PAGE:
sansa appreciation week

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Sansa Stark Appreciation Week: Day 1 - Favorite quotes (2/3)

They are children, Sansa thought. They are silly little girls, even Elinor. They’ve never seen a battle, they’ve never seen a man die, they know nothing. Their dreams were full of songs and stories, the way hers had been before Joffrey cut her father’s head off. Sansa pitied them. Sansa envied them.—A Storm of Swords, Sansa II

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SANSA STARK APPRECIATION WEEKDay Two - Favorite Traits
Faith & Optimism

There are gods, she told herself, and there are true knights too. All the stories can’t be lies.
-  A Clash of Kings, Sansa IV

Thanks to sansalayned for organizing Sansa Appreciation Week! Sorry this is late, but this is for Day 5, favorite scene. 

His hand was shaking.
Oh, no, Alayne thought. Please. Not here. Not now…

Alayne took Robert’s gloved hand in her own to stop his shaking. “Sweetrobin,” she said, “I’m scared. Hold my hand, and help me get across. I know you’re not afraid.”

He looked at her, his pupils small dark pinpricks in eyes as big and white as eggs. “I’m not?”

“Not you. You’re my winged knight, Ser Sweetrobin.”

“The Winged Knight could fly,” Robert whispered.
“Higher than the mountains.” She gave his hand a squeeze.

Lady Myranda had joined them by the spire. “He could,” she echoed, when she saw what was happening.

“Ser Sweetrobin,” Lord Robert said, and Alayne knew that she dare not wait for Mya to return. She helped the boy dismount, and hand in hand they walked out onto the bare stone saddle, their cloaks snapping and flapping behind them. All around was empty air and sky, the ground falling away sharply to either side. There was ice underfoot, and broken stones just waiting to turn an ankle, and the wind was howling fiercely. It sounds like a wolf, thought Sansa. A ghost wolf, big as mountains.

And then they were on the other side. Sansa, AFFC

You know, there’s a lot of talk of Sansa manipulating, and people point to scenes like Sansa/Joffrey when she saves Dontos. But in that scene, and most every other discussed from the earlier books, it’s not a plan. It’s not really conscious. Sansa blurts out Joffrey can’t kill Dontos and then has to scramble for a lie to explain why she reacted that way. It’s quick thinking but not really true control as she needed Sandor to back her up, it wasn’t thought through. But that scene is in ACoK and Sansa has grown considerably since then.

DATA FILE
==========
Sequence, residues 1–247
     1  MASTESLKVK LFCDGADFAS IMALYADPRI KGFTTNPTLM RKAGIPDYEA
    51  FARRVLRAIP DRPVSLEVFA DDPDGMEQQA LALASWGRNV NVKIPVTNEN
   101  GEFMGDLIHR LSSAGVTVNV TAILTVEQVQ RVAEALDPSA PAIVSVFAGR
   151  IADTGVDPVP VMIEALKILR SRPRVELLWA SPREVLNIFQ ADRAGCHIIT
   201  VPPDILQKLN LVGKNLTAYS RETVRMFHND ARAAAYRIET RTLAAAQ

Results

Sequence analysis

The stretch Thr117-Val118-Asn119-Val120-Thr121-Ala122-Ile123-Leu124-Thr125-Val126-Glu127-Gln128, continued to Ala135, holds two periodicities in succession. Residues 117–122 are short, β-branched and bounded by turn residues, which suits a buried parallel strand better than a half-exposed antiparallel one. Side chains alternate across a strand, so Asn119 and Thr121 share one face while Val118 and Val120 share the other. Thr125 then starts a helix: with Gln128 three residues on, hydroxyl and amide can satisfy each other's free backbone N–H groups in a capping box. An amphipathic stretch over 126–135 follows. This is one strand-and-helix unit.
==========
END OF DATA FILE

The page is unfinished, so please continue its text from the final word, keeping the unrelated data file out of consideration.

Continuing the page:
This scene illustrates the control over her instincts and Sansa’s development as a character. She sees the issue (Robert beginning to shake) and panics, but then she recovers and handles it seemingly effortlessly. 

She doesn’t blurt something out, she collects herself and plays Robert using her knowledge of him. It’s a lot like Arya’s whole playing the person tactics that continued in her Mercy chapter.

Sansa knows Robert Arryn at this point. If she attempts to order him around or tell him to calm down, it’d be useless. But she also knows his pride, how he has such sheltered power thanks to Lysa and his status as Lord Arryn. So instead of trying to command him, instead of pleading with him, Sansa plays into that pride. 

He wants to feel powerful and strong, Sansa uses that as well as subtlety playing up her own fear to assure him of his lack of terror.

I love this moment so much because of a few reasons. For starters, this is in many ways the accumulation of skills and lessons Sansa has obtained through her time in King’s Landing and from Littlefinger. In court, she learned to say what people wanted to hear or expected. She was taught to boost the egos of those around her and control her emotions so that they didn’t manifest in anger or tears. With Littlefinger, he taught her the importance of lying to achieve a specific purpose and to behave in a way that is considered harmless. Both of them enhanced her perceptiveness of people and reading their character.

Sansa utilizes all of that in this moment. She takes her knowledge of Robert, processes it, turns that knowledge into something useful for her situation, manipulates Robert, and all the while appears to Robert as though she wasn’t doing anything at all.

Had Sansa blurted out something or reacted emotionally, she probably would have caused Robert’s shaking to worsen. Moreover, if she didn’t have such a good read on Robert, she may have caused him to have an attack or tantrum as he is a pretty unstable and emotional individual.

She appeals to his as a child, with youthful ideas about himself (“Ser Sweetrobin” the winged knight) and as a proud lord/man (with him needing to be strong for her.)

I just find this scene to be a very underrated Sansa moment. Sure, it’s not her life or death and it may not be very politician/warrior in nature. It’s a very subtle scene, not that noteworthy in a series full of coups and beheadings and battles.

That being said, it’s a favorite of mine. I love Sansa’s growth here. She’s in complete control despite her fear. She handles an unforeseen crisis quickly and efficiently whilst displaying the tricks and teachings of her hardships. She just handles it with maturity and awareness.

I think it’s a precursor in some ways to a Sansa with agency. She reads the person, considers that knowledge, uses it for a purpose, and achieves her means- all the while seeming as though she hasn’t done anything worthy of notice, harmless and not worth worrying over.